Translating Mission To Action
By Captain Duane Woerth, ALPA President
Air Line Pilot, April 2004, p.5
"When I accepted the responsibility of the office of the President of this Association, I agreed to focus all of my thoughts and decisions on fulfilling the ALPA mission statement (printed on opposite page). This has been no easy task.
In just a few short years, nearly every aspect of that statement—safety, collective bargaining, health and welfare, and rights and privileges of the piloting profession—has been threatened. Nonetheless, with the full support of our outstanding elected leaders and with the tireless efforts of countless pilot volunteers and our staff, we have survived and, in some cases, thrived in adversity.
These days, not hearing and thinking about the upcoming U.S. national elections in November is next to impossible. Many of the issues that the candidates are debating hit close to home for the interests of ALPA and, at least in my case, to the mandate I accepted when I became your president.
The major issues facing our profession today play out primarily in the political arena. We are all well aware of the recent actions of a single senator to pass an amendment opening the door to foreign cargo cabotage through Alaska, an amendment that the current U.S. president quickly signed into law.
We are well aware of ALPA’s recent efforts to get a pension reform provision passed through Congress—an effort that the White House has opposed at every turn. Most of you are also aware of the political efforts to expand union financial reporting requirements exponentially—far beyond what is asked of corporations. Is producing an annual 30,000-page report worth $1 million of your ALPA dues?
Other issues yet to play out include the ongoing fight over healthcare costs, the never-ending struggle to guarantee collective bargaining rights for all workers, the administration’s recent push to exchange foreign cabotage rights with Canada, as well as the full array of issues, such as cabotage, foreign ownership and control, foreign wetlease, and flags of convenience, affected by U.S.-EU negotiations. This is a pivotal moment for our profession.
You charge your ALPA leaders to protect your welfare, your employment, your safety. To allow other considerations to enter into our political recommendations is a mistake we cannot afford to make—taking your future for granted. That is why, in the coming months, I will be working with my fellow National Officers and your pilot group leaders to develop a comprehensive approach to articulating our issues and ensuring that we know where each viable candidate for President stands on them.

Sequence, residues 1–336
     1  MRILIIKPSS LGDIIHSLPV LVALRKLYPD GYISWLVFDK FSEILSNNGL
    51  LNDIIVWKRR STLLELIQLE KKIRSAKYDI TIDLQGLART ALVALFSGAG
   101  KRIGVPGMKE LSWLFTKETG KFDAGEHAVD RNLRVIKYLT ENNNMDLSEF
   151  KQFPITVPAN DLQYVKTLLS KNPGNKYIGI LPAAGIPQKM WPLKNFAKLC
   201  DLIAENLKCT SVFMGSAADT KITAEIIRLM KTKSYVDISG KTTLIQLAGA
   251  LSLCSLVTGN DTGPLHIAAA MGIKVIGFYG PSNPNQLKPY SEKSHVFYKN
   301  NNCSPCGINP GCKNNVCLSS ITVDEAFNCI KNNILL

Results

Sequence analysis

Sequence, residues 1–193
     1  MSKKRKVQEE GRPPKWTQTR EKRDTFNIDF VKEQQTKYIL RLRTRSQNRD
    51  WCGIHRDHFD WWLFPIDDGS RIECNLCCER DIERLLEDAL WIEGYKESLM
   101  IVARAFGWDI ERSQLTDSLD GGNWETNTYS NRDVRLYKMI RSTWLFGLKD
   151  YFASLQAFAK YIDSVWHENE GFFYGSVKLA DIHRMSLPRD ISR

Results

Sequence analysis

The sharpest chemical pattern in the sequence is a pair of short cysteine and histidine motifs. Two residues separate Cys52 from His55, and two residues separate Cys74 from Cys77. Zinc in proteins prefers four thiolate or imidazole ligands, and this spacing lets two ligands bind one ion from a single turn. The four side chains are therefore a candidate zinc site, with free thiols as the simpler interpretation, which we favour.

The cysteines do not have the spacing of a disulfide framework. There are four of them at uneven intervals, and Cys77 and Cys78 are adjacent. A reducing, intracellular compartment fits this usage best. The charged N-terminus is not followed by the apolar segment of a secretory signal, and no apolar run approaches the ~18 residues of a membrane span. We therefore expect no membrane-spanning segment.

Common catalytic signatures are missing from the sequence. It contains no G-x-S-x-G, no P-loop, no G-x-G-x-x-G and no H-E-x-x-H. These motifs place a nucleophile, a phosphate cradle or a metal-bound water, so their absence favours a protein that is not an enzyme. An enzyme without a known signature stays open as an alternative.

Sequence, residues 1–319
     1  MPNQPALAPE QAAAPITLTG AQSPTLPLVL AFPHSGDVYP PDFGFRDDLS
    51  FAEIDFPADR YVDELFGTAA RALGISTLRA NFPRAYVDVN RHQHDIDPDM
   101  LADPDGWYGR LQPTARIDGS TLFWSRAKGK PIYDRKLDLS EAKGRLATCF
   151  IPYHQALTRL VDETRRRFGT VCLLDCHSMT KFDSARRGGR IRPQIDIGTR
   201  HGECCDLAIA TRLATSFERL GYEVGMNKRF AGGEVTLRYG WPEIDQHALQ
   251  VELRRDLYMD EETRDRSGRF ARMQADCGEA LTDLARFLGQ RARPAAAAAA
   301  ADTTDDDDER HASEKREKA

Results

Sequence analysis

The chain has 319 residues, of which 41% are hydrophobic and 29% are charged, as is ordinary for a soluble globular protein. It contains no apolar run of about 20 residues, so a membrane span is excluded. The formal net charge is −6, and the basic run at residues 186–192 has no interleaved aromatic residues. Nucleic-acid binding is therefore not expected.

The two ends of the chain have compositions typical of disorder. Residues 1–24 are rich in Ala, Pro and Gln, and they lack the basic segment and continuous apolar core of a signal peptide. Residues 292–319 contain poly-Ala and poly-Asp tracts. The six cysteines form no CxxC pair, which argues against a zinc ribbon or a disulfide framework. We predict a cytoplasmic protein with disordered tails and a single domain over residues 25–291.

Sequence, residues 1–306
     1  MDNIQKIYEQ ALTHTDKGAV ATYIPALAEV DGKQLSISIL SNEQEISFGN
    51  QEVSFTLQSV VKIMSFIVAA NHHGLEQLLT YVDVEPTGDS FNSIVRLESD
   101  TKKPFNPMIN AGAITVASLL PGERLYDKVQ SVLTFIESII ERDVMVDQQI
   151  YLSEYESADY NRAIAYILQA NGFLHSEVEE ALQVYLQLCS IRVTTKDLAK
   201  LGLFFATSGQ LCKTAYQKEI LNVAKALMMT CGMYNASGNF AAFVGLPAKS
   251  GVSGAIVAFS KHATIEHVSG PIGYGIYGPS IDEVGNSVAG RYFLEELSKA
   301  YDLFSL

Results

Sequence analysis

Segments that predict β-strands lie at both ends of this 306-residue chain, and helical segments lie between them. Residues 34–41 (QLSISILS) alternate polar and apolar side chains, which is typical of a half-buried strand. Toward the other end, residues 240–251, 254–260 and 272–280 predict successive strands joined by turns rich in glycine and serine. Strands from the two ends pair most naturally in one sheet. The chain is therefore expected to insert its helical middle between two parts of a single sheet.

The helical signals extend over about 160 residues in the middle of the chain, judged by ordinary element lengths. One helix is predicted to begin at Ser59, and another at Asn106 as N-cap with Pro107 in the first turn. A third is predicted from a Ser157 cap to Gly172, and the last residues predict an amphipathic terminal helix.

We will ask the Bush administration why pilots should trust an administration that started its term by publicly opposing all airline strikes. We will ask why we should trust an administration that opposed the first and second airline aid bills after the devastation of 9/11, and why it interfered in the loan guarantee process and opposed providing needed assistance for our carriers. We will ask why this administration fought us on guns in airline cockpits, pension reform, cabotage protections, and even the reorganization of aviation security.
And rest assured that we will ask these same questions of the candidate who represents the Democratic party in the race for the White House. We will make that candidate explain his intentions regarding our agenda—and we will examine his record on ALPA’s issues and other labor-related issues. I cannot tell you now where that process will take me, and us, but I pledge to you that I will do my utmost to lead this Association forward and ensure that the mission statement you handed me remains my battle cry. I cannot fulfill my duty by avoiding politics.
Following ALPA’s mission statement, your union leaders must focus on the issues that matter to us in our work lives—and make our recommendations based on that charge alone. We look forward to this process and ask only for your willingness to listen first and then decide.
I add, for those who might raise the issue, that each member of this union—as a citizen—has a different duty. That duty is to look at the candidates and measure their positions on the full sweep of issues that matter to you—and to cast your vote accordingly. I would never want it otherwise. Like thousands of you, I served my country proudly to protect that fundamental right.
s/Duane E. Woerth